The Mercedes team uses a network developed by Tata Communications to send data from the track side at race sites worldwide – from Azerbaijan, Monaco, China, Russia, and other iconic racing tracks – to a team of engineers at its factory in Brackley.
In Brackley, between 30 and 50 engineers are on hand to analyse the data and to fine-tune the configuration of the car on Saturdays and Sundays. On Fridays, the numbers can be substantially greater.
In the next phase of the plan, Mercedes-AMG Petronas Motorsport plans to use Tibco’s Streambase technology to analyse more data while it is being transmitted on the move.
The aim of the project is to allow engineers to work more effectively during the gap between the practice and qualifying rounds, which can last up to 90 minutes.
Harris is confident he can give Mercedes’ mechanics up to an extra 20 minutes to work on the car by reducing the time taken to download and identify the important data to analyse.
“The mechanics are under pressure for 70 minutes – if you can give them another 20, they are less likely to have issues because they are not rushing,” says Harris.
The starting line
Two of the company’s engineers came up with the idea of using Tibco’s technology around a year ago, while developing ways to improve the motor racing team’s gearbox control systems.
At the same time, Mercedes’ power train division at Brixworth in Northamptonshire was evaluating the same technology as a route to improving engine performance.
It took around a year to create a plan, which identified how the racing team could best use the technology, where to use it and what the best use cases were, says Harris.
Around half a dozen people in IT and other areas of the team are now experimenting with the Tibco analytics technology, but the number is likely to increase over time.
“We could have just jumped straight in and delivered the system – the problem is we then get 100 engineers who jump in and get a bit excited. So we are trying to be very specific with the first use cases,” says Harris.
The team is close to going live with data analytics to improve regression testing for software updates. Over the coming months, Harris is optimistic that the team can begin to use data to track the performance of the gearbox.
Monte Carlo simulations
The analytics technology will eventually allow Mercedes-AMG Petronas Motorsport to compare pre-race simulations – which use a mathematical technique known as Monte Carlo analysis to create race predictions – with the team’s performance during the race.
It will be able to consider, for example, how the car’s tyres are performing, how other drivers’ tyres are likely to be, and when the optimum time is for a driver to make a pit stop.
Harris also has plans to use analytics technology to provide round-the-clock access to car data after the race.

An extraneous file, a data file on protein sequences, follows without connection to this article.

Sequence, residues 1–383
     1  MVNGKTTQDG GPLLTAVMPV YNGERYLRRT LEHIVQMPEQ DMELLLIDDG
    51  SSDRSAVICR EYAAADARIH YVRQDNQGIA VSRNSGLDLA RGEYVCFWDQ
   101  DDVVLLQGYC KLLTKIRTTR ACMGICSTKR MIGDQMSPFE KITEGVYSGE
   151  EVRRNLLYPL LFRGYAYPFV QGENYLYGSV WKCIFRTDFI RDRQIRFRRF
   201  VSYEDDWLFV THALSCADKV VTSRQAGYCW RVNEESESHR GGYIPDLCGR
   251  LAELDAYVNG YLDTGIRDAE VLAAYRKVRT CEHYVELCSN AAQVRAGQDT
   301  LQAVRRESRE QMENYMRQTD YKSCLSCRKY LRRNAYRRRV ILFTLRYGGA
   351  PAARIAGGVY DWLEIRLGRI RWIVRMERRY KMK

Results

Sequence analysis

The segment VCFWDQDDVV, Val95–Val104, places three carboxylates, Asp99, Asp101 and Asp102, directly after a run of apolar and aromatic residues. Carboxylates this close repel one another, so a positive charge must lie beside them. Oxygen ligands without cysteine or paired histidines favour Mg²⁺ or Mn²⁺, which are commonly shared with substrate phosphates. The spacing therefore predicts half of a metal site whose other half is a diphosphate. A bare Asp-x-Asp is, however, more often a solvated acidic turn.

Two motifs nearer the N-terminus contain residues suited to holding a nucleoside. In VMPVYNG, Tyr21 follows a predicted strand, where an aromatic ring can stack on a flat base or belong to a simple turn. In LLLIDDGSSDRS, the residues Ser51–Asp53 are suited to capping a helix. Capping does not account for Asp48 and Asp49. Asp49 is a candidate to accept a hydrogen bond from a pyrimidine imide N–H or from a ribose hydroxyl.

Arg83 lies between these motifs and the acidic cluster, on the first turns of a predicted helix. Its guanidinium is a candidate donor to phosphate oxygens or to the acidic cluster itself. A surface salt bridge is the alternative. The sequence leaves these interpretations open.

Two IT staff are dedicated to setting up IT systems on the track around 20 or 21 times a year depending on the racing calendar.
The equipment has to be robust to withstand the dry, dusty environments such as Bahrain, and the high humidity of Singapore. Sand from the surrounding area and carbon fibres from the cars can also cause problems.
The team has 36 hours to set up equipment for the garage, including the IT systems, in what Harris describes as a “very challenging few days” before a typical race meeting. But taking it apart is even tighter – just 6 hours.
“We have to make sure that it is absolutely pristine. The following week, we have 36 hours to put it together again, and it has to be perfect,” he says.
One drawback is that once the kit is packed into boxes the data it contains is accessible to the team until the next race. That could be anything from a few days to a full week.
At each race meeting the engineers try to keep the IT equipment out until the last possible minute, while the rest of the garage is being packed up, to maximise their time to analyse the numbers.
“From an IT perspective and from an infrastructure point of view, that is a nightmare,” says Harris. “I have all that data I could be looking at if we have issues, but it’s in a plane somewhere.”
The team copies the data onto a hard drive and flies it back to the UK. It can take 36 hours to get the data back to the Brackley factory. “Brazil is probably the worst one,” adds Harris. During some parts of season, race data may be inaccessible for six or seven days.
The IT team is looking at ways to send the racing data to a secure cloud, have it available in the next race venue, and migrate it onto the track equipment when its back online. By 2019, it could be possible for engineers to continue working on the data once the IT equipment has been packed away.
“We can’t do it at the moment, but there are tool sets that are coming out, so we are hopeful,” says Harris
Fixing problems before they happen
Like every team, Mercedes receives data on race timings, GPS and the weather from the Federation Internationale de l’Automobile (FIA), the governing body for motorsport. This allows the team to make predictions on tyre degradation, for example.
Better analytics will give the team more accurate predictions of how quickly components are wearing, and whether a pit stop is due. Although Mercedes does have analytic capabilities already, it is “fairly rudimentary”, relying on Microsoft Excel and scatter plots, says Harris.